This plan, of course, never was put into action, though it is similar to the four-team championship playoff adopted for the 2014 season.
An alternative to the rating systems appeared in 1936 when the Associated Press developed a poll based on votes of sportswriters and broadcasters. The United Press International developed a competing poll in 1950 based on the votes of coaches. Though great importance has been given to the A.P. Poll and what is now the Coaches Poll, it has never been established that these human polls were more accurate than selectors using mathematical formulas. They were simply hyped by sports media.
Moreover, the poll results sometimes were controversial given allegations of favoritism, years in which the polls differed and because for many years champions were named before bowl game losses.
The perceived inadequacies of the human polls led to a resurgence in mathematical rating systems beginning in the 1970's, when emerging computer technology allowed for much more sophisticated statistical models. Richard Billingsley, whose computer formula was included in the BCS rankings, began publishing the Billingsley Report and named national champions going back to 1869. Jeff Sagarin published the Sagarin Ratings and named national champions back to 1919.
In an attempt to resolve problems inherent with teams being unable to play each other during the postseason due to alliances between bowls and conferences, the Bowl Championship Series was established in 1998 to pair the two top-rated teams.
Yet this did not solve the problem.
In 2003, LSU was the BCS champion while the A.P. Poll named USC. One year later, an undefeated Auburn team was left out of the BCS game. Finally, college football has come full circle, adopting in 2014 a version of the four-team playoff Heisman envisioned those many years ago.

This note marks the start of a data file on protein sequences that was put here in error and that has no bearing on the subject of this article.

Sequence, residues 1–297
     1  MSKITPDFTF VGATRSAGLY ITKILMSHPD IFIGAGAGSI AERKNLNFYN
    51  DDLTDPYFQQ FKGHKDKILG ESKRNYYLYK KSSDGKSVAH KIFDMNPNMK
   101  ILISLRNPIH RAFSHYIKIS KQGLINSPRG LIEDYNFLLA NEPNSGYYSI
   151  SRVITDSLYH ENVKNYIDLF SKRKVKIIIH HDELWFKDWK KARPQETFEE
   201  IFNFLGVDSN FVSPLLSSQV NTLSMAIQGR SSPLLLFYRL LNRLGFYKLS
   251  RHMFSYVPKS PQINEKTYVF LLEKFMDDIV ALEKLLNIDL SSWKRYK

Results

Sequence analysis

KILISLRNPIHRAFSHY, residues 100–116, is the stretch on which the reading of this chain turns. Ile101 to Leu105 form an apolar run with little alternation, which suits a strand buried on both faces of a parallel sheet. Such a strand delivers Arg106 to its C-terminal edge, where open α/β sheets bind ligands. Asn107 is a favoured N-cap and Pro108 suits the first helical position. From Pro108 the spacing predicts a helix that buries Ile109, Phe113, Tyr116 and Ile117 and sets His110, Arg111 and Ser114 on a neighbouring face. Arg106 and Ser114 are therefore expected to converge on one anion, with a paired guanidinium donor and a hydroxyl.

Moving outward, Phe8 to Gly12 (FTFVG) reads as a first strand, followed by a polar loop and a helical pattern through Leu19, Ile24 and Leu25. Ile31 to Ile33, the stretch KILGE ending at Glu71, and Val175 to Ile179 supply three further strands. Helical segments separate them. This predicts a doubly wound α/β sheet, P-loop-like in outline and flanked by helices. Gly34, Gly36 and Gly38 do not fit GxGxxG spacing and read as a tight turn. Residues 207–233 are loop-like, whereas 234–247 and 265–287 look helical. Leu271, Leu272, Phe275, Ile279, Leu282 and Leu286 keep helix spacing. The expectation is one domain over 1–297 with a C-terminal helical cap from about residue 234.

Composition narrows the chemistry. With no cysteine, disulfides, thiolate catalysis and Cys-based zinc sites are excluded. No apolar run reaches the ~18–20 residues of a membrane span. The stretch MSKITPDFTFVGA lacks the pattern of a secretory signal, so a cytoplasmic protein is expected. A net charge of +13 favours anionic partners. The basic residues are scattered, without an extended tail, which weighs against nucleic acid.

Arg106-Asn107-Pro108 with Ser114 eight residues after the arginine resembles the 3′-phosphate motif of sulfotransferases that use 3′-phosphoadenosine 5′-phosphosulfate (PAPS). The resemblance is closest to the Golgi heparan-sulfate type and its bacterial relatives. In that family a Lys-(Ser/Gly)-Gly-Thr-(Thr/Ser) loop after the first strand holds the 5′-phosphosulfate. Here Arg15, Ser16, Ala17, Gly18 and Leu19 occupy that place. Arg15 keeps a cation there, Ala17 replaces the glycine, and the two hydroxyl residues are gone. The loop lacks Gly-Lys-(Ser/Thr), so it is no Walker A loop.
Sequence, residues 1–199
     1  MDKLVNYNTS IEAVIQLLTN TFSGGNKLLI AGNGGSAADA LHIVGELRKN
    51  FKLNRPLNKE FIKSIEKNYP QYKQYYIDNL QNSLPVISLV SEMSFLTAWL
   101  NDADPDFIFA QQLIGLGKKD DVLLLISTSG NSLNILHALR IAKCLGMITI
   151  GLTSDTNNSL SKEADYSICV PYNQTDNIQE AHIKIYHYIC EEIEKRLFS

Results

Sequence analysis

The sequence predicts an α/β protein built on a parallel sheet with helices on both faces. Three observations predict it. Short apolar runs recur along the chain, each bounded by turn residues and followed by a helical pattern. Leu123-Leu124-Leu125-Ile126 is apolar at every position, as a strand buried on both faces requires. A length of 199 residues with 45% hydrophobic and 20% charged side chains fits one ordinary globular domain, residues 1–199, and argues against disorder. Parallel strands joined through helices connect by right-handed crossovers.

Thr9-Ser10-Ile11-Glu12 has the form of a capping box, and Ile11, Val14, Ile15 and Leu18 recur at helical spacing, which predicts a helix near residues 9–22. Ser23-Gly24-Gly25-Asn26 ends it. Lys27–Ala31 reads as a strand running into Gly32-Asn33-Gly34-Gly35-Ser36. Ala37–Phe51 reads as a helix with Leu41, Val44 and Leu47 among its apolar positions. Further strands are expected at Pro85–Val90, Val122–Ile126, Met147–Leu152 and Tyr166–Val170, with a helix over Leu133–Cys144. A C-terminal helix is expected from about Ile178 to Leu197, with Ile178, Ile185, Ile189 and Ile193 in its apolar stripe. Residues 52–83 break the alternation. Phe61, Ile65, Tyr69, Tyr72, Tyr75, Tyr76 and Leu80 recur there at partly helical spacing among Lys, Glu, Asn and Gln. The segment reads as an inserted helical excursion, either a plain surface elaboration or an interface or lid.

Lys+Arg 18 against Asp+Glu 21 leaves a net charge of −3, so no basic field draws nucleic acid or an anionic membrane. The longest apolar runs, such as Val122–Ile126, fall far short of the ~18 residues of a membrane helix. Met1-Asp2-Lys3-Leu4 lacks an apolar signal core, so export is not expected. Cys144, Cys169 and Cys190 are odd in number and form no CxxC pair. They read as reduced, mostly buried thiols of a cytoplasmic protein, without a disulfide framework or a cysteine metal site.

So what does this review of history tell us about the idea of a national championship? Simply put, a national championship is in the eye of the beholder. The NCAA does not name a Division I football champion. Instead, there have been many selectors naming champions, both contemporary and retroactive, based on simplistic mathematical formulas, sophisticated computer models and even human popularity polls.
None of them can demonstrate objective accuracy and thus are each flawed in their own way. Moreover, the further back in time one goes, the more difficult it becomes to determine which of multiple teams was best in any year because there were few intersectional games and it's difficult to compare teams from different regions without common opponents.
Thus, for the pre-playoff period of college football from the 1800's through 2013, I believe it's best to refer to a team as a national champion rather than the national champion, reflecting the undeniable fact that almost every season has more than one team with a legitimate claim to the title of national champion.
Skotnicki holds a pair of degrees from Auburn University and currently resides in Birmingham, where he practices law. His book may be purchased at Amazon.com, J&M Bookstore in Auburn, Little Professor Book Center in Homewood, Ala., or by visiting his site at www.auburnsunclaimed.com. His Twitter handle is @MSkotnicki